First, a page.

Playing Hot Potato used to be a thing. You took an object (say, a beanbag) and tossed it back and forth. The point of the game was not to get caught holding it when the game was finished.
For me, having children was a lot like that. From the minute my eldest was born, I felt like his father and I had started the world's longest game of Baby Hot Potato. We came home with him, and it was just us. Two stressed-out baby newbies, constantly checking in with each other: "I've got the baby. Who wants the baby? Do you want the baby? Here, take the baby. Fine, I'll take the baby."
Over the years, we learned how to play BHP with grandparents, babysitters, doctors, nannies and daycare workers. I admit that at some points, I was quite open to the idea of including total strangers in our game, as long as they were upright and had a pulse. Sleep deprivation and lack of adult social interaction will do that to a gal.
Quality, affordable child care is crucial to a family's ability to function properly nowadays. In tough economic times, two incomes are a necessity rather than a luxury. There needs to be a reliable, safe and welcoming place to take your child during working hours.
Why isn't this a priority?
Why, then, are we still treating these crucial institutions and the people who work in them like an afterthought? Why does the idea of a national affordable daycare strategy keep bobbing up like a buoy in Lake Winnipeg, only to disappear under the surface without so much as a blip until the next federal or provincial election?
It's not like this is a new challenge. Eighteen years ago, when I was a not-so-young mom coping with severe post-partum depression and longing to get back to work, affordable daycare spaces were about as rare as tactful behaviour at a Trump convention. Yet I still hear from young parents struggling to find daycare spaces, waiting lists that are years long and daycare staff that are grossly underpaid for all they do. Why isn't this a priority for our politicians?
Before I had kids, I thought the difficult part of daycare would be paying for it. After our first child was born, I learned that just finding a space was a killer. When my second pregnancy revealed we were having twins, my first worry was how we would find two infant spaces, never mind afford them. It didn't take long to realize there was no point in me working, considering nearly my entire monthly salary went to daycare fees. As a result, I quit my job as an admin assistant and stayed home for the next several years.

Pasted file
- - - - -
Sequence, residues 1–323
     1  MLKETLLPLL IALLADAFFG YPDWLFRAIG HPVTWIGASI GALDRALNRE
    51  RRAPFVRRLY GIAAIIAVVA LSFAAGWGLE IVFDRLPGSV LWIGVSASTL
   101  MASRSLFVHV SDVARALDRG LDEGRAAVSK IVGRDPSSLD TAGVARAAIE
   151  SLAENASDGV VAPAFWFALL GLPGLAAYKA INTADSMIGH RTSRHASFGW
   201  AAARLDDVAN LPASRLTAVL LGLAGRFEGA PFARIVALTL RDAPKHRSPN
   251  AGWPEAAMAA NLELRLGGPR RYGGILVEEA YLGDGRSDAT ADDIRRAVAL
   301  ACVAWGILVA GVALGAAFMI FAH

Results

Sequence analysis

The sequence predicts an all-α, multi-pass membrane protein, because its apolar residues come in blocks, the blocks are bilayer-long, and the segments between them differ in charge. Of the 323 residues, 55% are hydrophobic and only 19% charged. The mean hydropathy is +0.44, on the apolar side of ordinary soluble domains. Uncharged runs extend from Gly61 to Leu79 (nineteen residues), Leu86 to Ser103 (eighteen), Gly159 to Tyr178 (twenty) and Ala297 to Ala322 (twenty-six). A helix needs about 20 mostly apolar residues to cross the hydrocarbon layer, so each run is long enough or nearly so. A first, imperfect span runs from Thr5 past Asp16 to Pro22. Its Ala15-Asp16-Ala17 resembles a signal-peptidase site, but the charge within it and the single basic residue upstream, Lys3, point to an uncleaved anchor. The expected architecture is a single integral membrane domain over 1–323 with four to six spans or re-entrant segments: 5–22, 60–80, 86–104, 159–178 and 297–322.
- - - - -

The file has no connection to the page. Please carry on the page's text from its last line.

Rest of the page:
It's approximately $30 per day for one licensed infant space in Manitoba. Let me be clear: I in no way begrudge daycares their fees or child-care workers their salaries. There is no amount of money on this astral plane that would induce me to spend eight or more hours a day in a room full of infants and toddlers. Child-care professionals are worth every penny they are paid, and plenty more. My question is, why are parents responsible for paying so many of those pennies on their own?
Daycare fees cost the house
For us, two infant spaces and a pre-school space were required. Nowadays, they would cost more than $1,600 per month. Basically, we could have bought another house for what daycare fees cost us. Does our government somehow think that the minute a couple has a child, they become independently wealthy? If anything, you have far less available cash once you have kids, what with all the extra costs (diapers, formula, clothing, gear of all sorts) you incur. The point is, most families are not wealthy. Finding that kind of money isn't easy.
And before you say that nobody forced us to have children, I'd like to say "You're right." However, I'd also like to point out that no society is built on people NOT reproducing. Part of a healthy society and a growing economy involves couples having children, and they shouldn't be penalized for doing so. Women shouldn't have to give up on their careers. Men shouldn't have to miss out on parenting because they're working overtime to pay the bills. Neither should have to consider selling a kidney to afford daycare. Having children is in an investment in our future, not a luxury for the wealthy.
How is it that in Sweden, daycare costs a fraction of parents' take-home pay, while here you could lease a Mercedes for the cost of a full-time infant space? Where are our governments' priorities? I'd like to speak to Premier Brian Pallister and Prime Minister Justin Trudeau about all this. In fact, maybe I should try to get a conference call going.
I wonder if they remember how to play Telephone?
-reprinted from CBC News